The existence of large-scale energy infrastructure in Guanajuato has drawn gangs such as the Santa Rosa de Lima cartel, that deals in stolen gas and is battling the strong Jalisco New Generation cartel for control of the lucrative commerce.

On June 21, authorities said they had captured 26 suspected members of the Santa Rosa de Lima cartel, which reacted by putting up blockades of burning vehicles in three towns.

A few days before six members of a household, such as a small, had been murdered in the city of Celaya, among those where the gang setup roadblocks.

Wednesday’s attack was that the second-most lethal assault since Lopez Obrador came into power in December 2018, afterwards 28 people were killed at a pub in the eastern state of Veracruz past August.

Since December 2006 when the then-government established a military operation against drug trafficking gangs, over 290,000 individuals are murdered, according to official figures.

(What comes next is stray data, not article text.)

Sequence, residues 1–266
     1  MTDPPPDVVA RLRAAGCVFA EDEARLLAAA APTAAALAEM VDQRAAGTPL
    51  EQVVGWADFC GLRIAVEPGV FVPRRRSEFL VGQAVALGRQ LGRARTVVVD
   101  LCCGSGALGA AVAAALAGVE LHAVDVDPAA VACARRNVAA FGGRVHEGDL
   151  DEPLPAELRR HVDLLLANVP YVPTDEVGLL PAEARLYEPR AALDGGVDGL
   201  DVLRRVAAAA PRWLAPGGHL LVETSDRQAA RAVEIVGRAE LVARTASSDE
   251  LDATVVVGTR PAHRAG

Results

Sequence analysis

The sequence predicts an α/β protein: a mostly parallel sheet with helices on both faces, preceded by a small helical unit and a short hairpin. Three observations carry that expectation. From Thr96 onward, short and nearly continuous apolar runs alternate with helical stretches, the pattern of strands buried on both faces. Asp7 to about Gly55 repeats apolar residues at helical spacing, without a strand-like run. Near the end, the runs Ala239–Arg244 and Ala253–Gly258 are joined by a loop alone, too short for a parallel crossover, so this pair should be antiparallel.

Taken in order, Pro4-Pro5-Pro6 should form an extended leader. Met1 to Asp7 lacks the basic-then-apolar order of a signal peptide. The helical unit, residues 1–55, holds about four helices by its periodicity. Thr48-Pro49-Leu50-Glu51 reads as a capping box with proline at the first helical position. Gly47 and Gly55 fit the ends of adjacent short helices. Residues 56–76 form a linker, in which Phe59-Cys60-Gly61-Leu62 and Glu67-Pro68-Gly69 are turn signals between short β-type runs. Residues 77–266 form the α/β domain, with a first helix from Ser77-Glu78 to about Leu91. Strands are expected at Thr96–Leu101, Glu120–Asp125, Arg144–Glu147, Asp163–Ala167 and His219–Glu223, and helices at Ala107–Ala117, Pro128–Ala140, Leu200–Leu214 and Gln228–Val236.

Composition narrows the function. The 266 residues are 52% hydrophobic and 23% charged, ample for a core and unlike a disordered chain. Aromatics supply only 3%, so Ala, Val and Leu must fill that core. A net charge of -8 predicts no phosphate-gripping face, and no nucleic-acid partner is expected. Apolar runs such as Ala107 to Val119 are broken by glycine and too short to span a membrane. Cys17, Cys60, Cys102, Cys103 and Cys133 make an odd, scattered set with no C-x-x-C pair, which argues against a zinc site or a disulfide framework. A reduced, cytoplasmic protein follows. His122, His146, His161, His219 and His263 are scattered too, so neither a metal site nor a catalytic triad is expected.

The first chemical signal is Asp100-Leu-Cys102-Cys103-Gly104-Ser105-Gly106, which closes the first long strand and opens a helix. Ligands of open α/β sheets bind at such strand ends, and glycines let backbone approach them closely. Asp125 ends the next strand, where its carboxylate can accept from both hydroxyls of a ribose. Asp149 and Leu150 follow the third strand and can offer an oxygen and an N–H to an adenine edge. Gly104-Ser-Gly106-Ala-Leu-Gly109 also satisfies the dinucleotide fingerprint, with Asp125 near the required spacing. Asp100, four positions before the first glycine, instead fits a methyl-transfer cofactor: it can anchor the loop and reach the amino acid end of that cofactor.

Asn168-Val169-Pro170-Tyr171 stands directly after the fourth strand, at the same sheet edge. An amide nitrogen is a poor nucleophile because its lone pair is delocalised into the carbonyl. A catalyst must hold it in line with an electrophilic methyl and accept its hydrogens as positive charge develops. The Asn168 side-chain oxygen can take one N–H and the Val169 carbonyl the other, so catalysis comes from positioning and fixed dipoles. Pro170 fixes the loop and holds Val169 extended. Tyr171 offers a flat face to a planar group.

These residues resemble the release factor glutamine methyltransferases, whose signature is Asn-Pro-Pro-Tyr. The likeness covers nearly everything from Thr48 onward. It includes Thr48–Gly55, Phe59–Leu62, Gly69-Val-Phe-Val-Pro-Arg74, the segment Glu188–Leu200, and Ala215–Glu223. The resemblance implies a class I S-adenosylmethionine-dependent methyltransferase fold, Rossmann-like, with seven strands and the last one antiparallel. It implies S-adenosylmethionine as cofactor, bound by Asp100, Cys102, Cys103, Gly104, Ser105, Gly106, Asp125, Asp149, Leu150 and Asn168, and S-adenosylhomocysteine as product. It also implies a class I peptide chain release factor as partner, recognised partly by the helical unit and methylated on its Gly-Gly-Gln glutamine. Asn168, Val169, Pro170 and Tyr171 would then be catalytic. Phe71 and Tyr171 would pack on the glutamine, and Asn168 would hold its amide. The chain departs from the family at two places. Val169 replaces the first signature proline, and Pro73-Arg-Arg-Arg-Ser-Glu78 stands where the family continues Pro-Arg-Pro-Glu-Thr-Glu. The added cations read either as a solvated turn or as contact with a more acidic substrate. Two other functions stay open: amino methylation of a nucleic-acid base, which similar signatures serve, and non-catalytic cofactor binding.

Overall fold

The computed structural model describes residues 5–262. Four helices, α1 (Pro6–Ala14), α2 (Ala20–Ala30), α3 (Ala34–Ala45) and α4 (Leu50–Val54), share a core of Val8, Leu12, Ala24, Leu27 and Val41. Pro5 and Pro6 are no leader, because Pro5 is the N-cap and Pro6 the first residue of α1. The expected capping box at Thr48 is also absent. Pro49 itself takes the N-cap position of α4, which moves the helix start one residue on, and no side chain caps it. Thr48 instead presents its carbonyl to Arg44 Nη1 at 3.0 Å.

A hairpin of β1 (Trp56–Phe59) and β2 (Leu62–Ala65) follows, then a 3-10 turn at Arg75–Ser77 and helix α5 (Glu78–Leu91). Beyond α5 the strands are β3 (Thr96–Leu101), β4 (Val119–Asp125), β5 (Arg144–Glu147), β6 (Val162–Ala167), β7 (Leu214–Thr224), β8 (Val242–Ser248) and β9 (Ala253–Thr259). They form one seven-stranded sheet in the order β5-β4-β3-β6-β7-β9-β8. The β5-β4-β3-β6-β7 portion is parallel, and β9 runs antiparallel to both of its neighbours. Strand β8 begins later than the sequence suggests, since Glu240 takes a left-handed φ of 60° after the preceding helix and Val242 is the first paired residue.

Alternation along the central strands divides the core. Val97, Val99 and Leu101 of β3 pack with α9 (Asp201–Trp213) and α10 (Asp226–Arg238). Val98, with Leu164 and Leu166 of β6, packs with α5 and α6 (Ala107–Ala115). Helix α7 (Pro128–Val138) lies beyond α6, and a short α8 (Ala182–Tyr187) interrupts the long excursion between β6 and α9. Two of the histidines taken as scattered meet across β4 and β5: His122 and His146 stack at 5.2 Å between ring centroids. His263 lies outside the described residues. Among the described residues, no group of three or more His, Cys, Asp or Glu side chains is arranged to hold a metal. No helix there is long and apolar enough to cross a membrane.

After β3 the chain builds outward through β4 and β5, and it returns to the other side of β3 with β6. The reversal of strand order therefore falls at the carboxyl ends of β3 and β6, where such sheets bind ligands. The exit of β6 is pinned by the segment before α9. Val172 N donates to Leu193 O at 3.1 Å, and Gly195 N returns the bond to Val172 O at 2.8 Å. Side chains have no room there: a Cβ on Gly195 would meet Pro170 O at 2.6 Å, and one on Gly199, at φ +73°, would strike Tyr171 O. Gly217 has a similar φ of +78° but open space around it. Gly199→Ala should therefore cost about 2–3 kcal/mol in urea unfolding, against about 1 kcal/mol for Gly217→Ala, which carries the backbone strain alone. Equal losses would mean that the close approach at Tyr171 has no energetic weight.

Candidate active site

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believe police

Police believe pair were moving drugs from Baltimore to West Virginia

A motorist supposedly rear-ended another vehicle while driving under the effect on June 26. After searching the occupants as well as the vehicle, authorities reportedly discovered”scramble” capsules in their way out of Baltimore to West Virginia.

Randy William Davis, 58, and Brenda Lee Marsce, 54, both of Berkeley Springs, West Virginia, have been charged with possession of narcotics with intent to distribute and related fees. Davis was cited for traffic offenses while impaired by a controlled dangerous substance and reckless 21, such as driving a vehicle. Davis was released on $3,500 bail. Marsce was released on $5,000 bail, according to electronic court records.

According to charging documents, members of Mount Airy Police responded to a traffic crash between two vehicles near the off-ramp from I-70 on Ridge Road in Mount Airy. 1 car seemed to have been struck by the back. That car’s driver said she was uninjured. Davis was the driver of the other automobile and Marsce was the passenger. Before police arrived, A second passenger left the area, witnesses said. The charging files for Davis didn’t include if the passenger was afterwards located.